Agile project management is a hotly debated topic and has left some of us wondering “what’s so great about Agile?” and “what can it do for me?” Agile portfolios are trending right now, and it’s not a one-size-fits-all approach. As Agile popularity grows and demand for Agile teams increases, it is important to understand the benefits as well as the implications of running an Agile portfolio. First, though, we’ll cover some background on Waterfall and Agile.
What is Waterfall Project Management?
Waterfall project management, sometimes known as traditional project management, involves an in-depth upfront planning process and follows a linear, pre-determined project schedule over a period of time. Waterfall projects are typically predictable, have a definitive start and end date, and have an explicit process for execution. The advantages of using the Waterfall method to manage projects is having clear expectations and (hopefully) meeting those expectations by achieving certain milestones. Stakeholders know what they are going to get, and resources know what to give.
Waterfall originated in the construction/manufacturing industry as after-the-fact changes were often costly. A simple example of a Waterfall project is building a house. To build a house, one must first procure land, then build the foundation, then build the walls, then install the kitchen and bathroom appliances, etc. Each phase is accompanied by planning activities and one phase cannot be completed before the next phase (i.e., the kitchen appliances can’t be installed on the foundation). In the end, the plans are followed exactly, and you have the house exactly as it was in the drawing.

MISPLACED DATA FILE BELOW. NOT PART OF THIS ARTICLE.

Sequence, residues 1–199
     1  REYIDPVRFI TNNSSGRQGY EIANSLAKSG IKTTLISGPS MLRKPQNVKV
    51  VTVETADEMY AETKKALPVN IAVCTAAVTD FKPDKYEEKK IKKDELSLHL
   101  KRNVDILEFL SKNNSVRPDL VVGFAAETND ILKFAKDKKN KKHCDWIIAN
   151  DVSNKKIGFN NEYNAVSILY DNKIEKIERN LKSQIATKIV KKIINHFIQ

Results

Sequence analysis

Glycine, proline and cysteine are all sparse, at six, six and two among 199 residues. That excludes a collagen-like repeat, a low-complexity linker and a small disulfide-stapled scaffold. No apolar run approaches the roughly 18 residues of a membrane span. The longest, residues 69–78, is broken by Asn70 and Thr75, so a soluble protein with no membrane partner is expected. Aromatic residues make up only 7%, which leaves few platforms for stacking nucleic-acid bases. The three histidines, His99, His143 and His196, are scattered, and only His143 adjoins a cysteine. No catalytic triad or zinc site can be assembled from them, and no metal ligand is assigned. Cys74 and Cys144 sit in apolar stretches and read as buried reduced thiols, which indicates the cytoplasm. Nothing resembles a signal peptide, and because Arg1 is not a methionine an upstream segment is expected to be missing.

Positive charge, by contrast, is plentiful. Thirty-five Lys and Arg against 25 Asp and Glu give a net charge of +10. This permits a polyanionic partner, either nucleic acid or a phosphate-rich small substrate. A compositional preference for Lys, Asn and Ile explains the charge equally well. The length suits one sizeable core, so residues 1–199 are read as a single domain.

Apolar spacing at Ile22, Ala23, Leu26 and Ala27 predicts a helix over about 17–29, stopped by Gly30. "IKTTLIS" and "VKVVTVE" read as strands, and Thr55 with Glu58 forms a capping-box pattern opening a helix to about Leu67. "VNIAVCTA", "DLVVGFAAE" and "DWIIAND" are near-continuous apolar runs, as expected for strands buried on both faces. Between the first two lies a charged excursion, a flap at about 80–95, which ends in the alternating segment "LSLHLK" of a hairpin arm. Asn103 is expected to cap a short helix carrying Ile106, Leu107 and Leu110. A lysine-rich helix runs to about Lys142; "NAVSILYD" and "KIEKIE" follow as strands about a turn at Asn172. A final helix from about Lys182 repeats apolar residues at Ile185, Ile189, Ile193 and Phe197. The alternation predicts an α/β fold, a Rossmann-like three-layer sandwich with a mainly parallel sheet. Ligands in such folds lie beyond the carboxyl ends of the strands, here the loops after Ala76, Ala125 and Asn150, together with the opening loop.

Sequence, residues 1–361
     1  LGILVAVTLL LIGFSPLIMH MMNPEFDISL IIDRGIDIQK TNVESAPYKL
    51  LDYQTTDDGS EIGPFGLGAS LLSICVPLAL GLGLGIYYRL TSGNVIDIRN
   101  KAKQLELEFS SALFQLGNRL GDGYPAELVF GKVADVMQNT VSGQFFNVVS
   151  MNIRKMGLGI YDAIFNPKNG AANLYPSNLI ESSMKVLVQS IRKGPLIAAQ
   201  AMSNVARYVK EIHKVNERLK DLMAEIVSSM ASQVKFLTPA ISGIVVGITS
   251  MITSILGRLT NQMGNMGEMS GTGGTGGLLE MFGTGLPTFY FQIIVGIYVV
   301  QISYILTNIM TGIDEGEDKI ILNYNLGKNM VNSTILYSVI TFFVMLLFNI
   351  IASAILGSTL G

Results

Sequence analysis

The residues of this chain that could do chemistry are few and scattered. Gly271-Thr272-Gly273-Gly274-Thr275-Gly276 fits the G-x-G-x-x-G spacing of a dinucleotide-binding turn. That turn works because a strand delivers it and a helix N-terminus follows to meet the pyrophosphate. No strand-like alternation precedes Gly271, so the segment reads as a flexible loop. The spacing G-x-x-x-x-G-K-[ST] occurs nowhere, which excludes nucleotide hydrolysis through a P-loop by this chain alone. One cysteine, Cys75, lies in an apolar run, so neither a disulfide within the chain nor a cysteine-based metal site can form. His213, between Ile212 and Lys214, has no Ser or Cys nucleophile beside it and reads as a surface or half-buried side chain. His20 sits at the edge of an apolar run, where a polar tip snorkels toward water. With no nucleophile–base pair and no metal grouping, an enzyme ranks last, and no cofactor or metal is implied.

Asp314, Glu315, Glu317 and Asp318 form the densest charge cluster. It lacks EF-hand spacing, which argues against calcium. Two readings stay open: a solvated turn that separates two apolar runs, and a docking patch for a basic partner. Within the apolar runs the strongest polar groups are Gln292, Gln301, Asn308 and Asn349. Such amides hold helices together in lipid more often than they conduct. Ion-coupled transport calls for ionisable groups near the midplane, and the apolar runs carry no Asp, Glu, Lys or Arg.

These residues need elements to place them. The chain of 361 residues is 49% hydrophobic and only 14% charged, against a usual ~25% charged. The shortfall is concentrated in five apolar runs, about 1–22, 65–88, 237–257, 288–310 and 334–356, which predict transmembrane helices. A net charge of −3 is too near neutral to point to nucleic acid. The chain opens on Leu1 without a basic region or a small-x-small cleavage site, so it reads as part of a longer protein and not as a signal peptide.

What is Agile Project Management?
Agile project management is an iterative approach that aims to deliver the highest value work possible within a limited amount of time. Often, Agile practitioners will mention sprints or releases, which are just lengths of time which a certain volume of work is to be delivered. Agile development often occurs when technology is changing, teams are changing, or the goal of the project is changing. The essential aim of Agile is to stay nimble and be able to adapt to changes rather than being forced to execute against a plan which may be obsolete. When planning an Agile project, understand that the process may be unsequential and the time frame could also be fluctuating as well. For exploratory projects, or projects that are long, Agile management can deliver quick wins and have success keeping on track as small iterations are evaluated at the end of each “sprint” or segment of the project.
If we go back to our house example, using Agile, we would ask the homeowner for feedback while we were building instead of investing so much time in our upfront planning. In this instance, the house may take longer to build or it may be completed in the same timeframe. However, if the foundation is not right or the homeowner suddenly wants to add a bedroom, you don’t have to start all over – you can work incrementally and ensure you are in alignment after each phase, even if the alignment changes course. Just as in our house example, the eventual outcome of Agile projects is less defined up front, but you are able to respond to change and incorporate customer feedback into the finished product.
So Which Project Management Method is Best?
The answer, of course, depends on the project and your own internal processes. When deciding what method to use within your PMO, evaluate your projects using these guiding questions:
Is the outcome defined?